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Europe: from the Greek eurus: broad, wide, and ops: eye, face, sight. Thus Europe = the far-sighted (lady).

 

For my first contribution to this column – as the successor of Jonathan Park, whose witty observations and entertaining style many of us will miss – I have decided to take the opportunity to write on a topic that comes as a given to me, having previously trained in Germany, and help answer the question “How is ophthalmology training done elsewhere and should I set out for some overseas experience?”

When I presented a paper to a German Refractive Surgeons Congress earlier this year I met one of my first and truly admirable teachers in ophthalmology, Professor Maya Mueller, now running a department at a Zurich hospital in Switzerland. She introduced me to a former colleague from Lübeck, Gerd Geerling, who in the meantime had become the director of Düsseldorf University Eye Hospital in Germany.

When I shared my latest experiences as a specialist trainee at Musgrove Park Hospital, Taunton with them Professor Geerling became interested and wanted to learn about all details of my training at the hospital. He became attracted to the British way of training some years ago whilst working at Moorfields Eye Hospital with John Dart and now wanted to give some of his staff involved in teaching the opportunity to experience teaching in the UK, supporting his plan to reform training at his own department back home. We soon realised that the best way to gain a full insight would be a visit to our deanery and two of its teaching hospitals, the Royal Devon & Exeter and Musgrove Park at Taunton.

 

Figure 1: Eva observes the art of how her Professor’s eye pressure is taken by the lead nurse specialist Jane Kingett (photograph by Prof Rainer Guthoff).

 

The visit took place recently and Prof Geerling also brought one of his consultants, Professor Rainer Guthoff and a junior, Eva Bramann. We had many opportunities for comparing the ophthalmic trainee programs of the UK and Germany whilst shadowing clinics, engaging in interesting talks and staging assignments (Figure 1). Germany has produced many famous ophthalmologists, such as von Graefe, Axenfeld and Mooren. Still, training in the specialty is less structured than one might expect [1] – see Table 1.

 

 

One key factor for the success of UK training that became obvious during the talks is the strong British teaching culture. I remember one patient with a third nerve palsy that I managed poorly during an early on-call session at Taunton, not writing down a clear management plan. The consultant spotted this and discussed it with me (I was indeed ashamed that those notes bore my name). Then, to my great surprise, later that day, she came down from theatres to the eye casualty that I was covering at that time saying “You do the next case in theatre and I will cover for you here in the meantime.” I was puzzled that I should be rewarded for a mistake I made but she explained: “No, it is because you took responsibility for the poor management and showed me that you learned from it by managing future patients better.”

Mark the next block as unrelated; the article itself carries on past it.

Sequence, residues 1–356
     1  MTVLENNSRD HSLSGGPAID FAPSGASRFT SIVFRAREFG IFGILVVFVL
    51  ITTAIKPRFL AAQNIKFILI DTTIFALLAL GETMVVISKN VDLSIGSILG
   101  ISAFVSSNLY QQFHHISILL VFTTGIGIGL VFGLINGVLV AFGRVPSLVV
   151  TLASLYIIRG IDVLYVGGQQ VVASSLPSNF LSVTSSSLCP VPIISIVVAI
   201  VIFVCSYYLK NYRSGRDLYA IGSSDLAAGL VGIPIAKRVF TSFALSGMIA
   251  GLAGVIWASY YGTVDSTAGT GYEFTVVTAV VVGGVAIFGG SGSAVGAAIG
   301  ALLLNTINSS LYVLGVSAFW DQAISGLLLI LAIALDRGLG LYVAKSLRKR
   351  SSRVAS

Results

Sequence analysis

I think that the teaching culture in British eye departments is ultimately made possible by the College overseeing and auditing our training with a vigilant eye. This is what may be lacking elsewhere in Europe where there is no such independent regulating power in place.

If you are interested in gaining overseas experience in ophthalmology I think it is worth considering Germany. This applies especially if you do not have a training number yet and are working hard to improve your CV for that purpose. If you are a research minded person, you could get involved in some research at a German eye clinic (most are university hospitals) and acquire some basic ophthalmology skills at the same time. The time is favourable now as there are many more job opportunities than have been seen for many years, and with Germany coming out top on a BBC poll of the world’s most popular countries (which nearly made us fall off our chairs) it is also a nice place to live.

If your primary goal is to become an eye surgeon, the UK seems to remain one of the most attractive countries to train, as you will be likely to get higher surgical numbers than elsewhere including Germany. However, there are also significant regional variations in surgical training experience across the UK deaneries [1,2].

Let us hope then that ophthalmology training in Europe will live up to the origin of her name and will become far-sighted, perhaps with some inspiration from the UK model.

 

References

1. Chan WH, Saedon H, Falcon MG. Postgraduate ophthalmic training: how do we compare? Eye 2011;25(8):965-7.
2. Rodrigues IA, Symes RJ, Turner S, et al. Ophthalmic surgical training following modernising medical careers: regional variation in experience across the UK. BMJ Open 2013;3(5).

 

Acknowledgements:

I am very grateful to all patients, consultants, fellow trainees and nurses who contributed to our Düsseldorf friends’ visit to Exeter and Taunton.

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CONTRIBUTOR
Jan Huelle

Ophthalmology Cinic and Polyclinic of Munich Technical University, Germany.

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